It was a fight that we had to have.
It had been brewing for two weeks. Well actually there'd been a mini-version of it two weeks beforehand when I found out by sheer accident that #1 husband was going away to visit his mother for ten days.
Can I just say at this point that I'm not a heinous witch who doesn't allow her husband to visit his 94 year old mother? I actively encourage it. I know that every visit at this stage of her life could be the last. Plus I get the house to myself - and whichever kids and girlfriends and dogs happen to be there too and there were the full contingent so I didn't have anything to myself except the remote control.
My annoyance was that he hadn't told me he was going to be away for so long. Usually he can only stand it down there for three days. Four max. So ten days came at me from left field.
Ten days meant having to wake up early on my non-running sleep in days to let the wolf pack out because they've been trained by my dearly beloved that 4:00am is an acceptable wake-up time. Ten days meant putting the bins out - twice! Ten days meant trying to fit in a daily walk with the wolf pack on top of everything else that I'm trying to do. Ten days was clearly not satisfactory particularly with such little notice that I barely would have time to wrap my head around it before having to pretend to be bereft as he drove up the street.
He swore that he'd told me. I swore that he didn't and that that conversation had only happened in his head. And because I'm 10 years younger (much further from senility) and I run and produce new brain cells at a prodigious rate as evidenced by my ability to remember an entire shopping list without prompts, then I was clearly right.
The ten days passed way too quickly in my opinion. I hadn't finished the second season of Great British Bake-Off before it was time for Iven to return home. Yes, I was tired from those early morning starts on my rest days but the wolf pack and I had reached an agreement that if I got up at 4:00 to let them out to wee then they'd leave me in peace to get a couple more hours of sleep. And they weren't even complaining about lack of walks which were banned after they'd dragged me across the oval after a black poodle and only my diligence in attending speed sessions had kept me from face planting. We'd compromised on indoor fun - like baking.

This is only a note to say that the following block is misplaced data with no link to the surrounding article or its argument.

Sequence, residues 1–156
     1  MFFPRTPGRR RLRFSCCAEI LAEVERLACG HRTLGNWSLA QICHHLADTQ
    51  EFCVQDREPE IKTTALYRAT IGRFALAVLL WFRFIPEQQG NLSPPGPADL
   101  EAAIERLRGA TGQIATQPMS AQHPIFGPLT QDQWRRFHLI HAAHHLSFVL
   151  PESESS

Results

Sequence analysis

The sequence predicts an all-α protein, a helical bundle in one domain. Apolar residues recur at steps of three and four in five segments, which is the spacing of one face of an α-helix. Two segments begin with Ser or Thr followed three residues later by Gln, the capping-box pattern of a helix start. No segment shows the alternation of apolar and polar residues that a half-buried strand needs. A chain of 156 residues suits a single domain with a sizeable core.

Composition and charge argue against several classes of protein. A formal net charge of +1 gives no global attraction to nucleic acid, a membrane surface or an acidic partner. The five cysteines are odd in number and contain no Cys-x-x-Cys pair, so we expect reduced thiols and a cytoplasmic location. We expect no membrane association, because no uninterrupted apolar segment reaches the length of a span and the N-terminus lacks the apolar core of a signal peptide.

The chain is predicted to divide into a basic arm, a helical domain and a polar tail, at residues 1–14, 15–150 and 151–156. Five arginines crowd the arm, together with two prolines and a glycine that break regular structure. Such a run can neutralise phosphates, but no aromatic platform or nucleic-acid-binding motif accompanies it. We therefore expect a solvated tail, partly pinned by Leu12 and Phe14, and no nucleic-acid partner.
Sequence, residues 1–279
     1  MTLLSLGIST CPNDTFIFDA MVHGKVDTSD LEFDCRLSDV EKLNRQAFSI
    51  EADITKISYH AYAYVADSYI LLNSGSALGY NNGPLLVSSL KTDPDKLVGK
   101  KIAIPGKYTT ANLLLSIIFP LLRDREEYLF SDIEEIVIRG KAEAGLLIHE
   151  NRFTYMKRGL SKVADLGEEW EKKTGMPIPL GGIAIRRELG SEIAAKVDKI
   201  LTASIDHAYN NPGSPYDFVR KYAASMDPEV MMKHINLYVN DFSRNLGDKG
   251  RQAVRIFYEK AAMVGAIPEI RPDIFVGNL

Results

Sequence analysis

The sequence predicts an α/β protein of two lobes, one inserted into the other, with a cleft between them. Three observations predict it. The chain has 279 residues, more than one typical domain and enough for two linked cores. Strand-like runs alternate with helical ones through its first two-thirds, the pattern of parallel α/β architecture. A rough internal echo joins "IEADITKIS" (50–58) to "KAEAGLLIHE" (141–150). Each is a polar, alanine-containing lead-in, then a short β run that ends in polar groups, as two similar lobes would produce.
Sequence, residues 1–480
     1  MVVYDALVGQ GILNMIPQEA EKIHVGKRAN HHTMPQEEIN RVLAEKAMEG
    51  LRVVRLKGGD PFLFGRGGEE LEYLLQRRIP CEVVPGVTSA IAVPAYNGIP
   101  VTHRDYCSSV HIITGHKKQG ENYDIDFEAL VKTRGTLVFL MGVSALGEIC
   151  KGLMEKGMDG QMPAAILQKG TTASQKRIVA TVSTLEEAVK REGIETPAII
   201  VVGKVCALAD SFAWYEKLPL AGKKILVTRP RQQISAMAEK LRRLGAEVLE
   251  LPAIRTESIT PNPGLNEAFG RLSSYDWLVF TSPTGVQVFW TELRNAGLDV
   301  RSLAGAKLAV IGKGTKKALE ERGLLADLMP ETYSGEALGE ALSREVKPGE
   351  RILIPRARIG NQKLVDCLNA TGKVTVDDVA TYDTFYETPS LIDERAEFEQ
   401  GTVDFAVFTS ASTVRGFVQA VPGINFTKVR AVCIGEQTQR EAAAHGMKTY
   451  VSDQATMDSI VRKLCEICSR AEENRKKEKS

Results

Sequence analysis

He arrived home late afternoon and I did the solicitous wife thing - shut down shop and went upstairs to spend quality time. Over a cup of tea (get your minds out of the gutter). I bombarded him with questions. How was his Mum? Good. How was his sister? Good. How was the drive? Good. And then proceeded to tell him what had happened in his absence. I was right in the middle of an important story - not sure what story it was but it had to have been important coming from his wife that he'd barely spoken to in the best part of a fortnight - when I noticed that he was no longer listening. I'd made the rookie's error of leaving the newspaper out on the table we were sitting at. So we had that interchange that happens in every household.
'You're not listening to me.'
'Yes I am'
'Well what was the last thing I said?'
No more needs to be said other than he failed the recitation test big time and now knows that the newspaper must be out of sight and the television must be off next time we're having a deep and meaningful.
I was relating this to my running companion, who just happens to be male, a few days later as a cautionary tale. To enlighten him about the mysterious ways of women - which we ourselves are often at a loss to understand. And it was I who came away from the conversation enlightened.
'Do you know how hard it is to be a man? You ask questions like how does this look and want an opinion and we have to go through all the answer options in our heads and hopefully pick the right one. It never is!' (Disclaimer - this is not word-for-word because I can't remember verbatim and would have clearly failed my own 'what was the last thing I said' challenge. But the gist is there.) I also was informed that women worry too much about the small stuff and we talk. A lot.
I walked away from the run with a lot better understanding of the tightrope that men have to walk daily. And that sometimes I'm a little less than reasonable. And by that I mean that Iven will be damned no matter what he does if I'm feeling hormonal enough.
So I guess I'm sorry for tearing up the newspaper.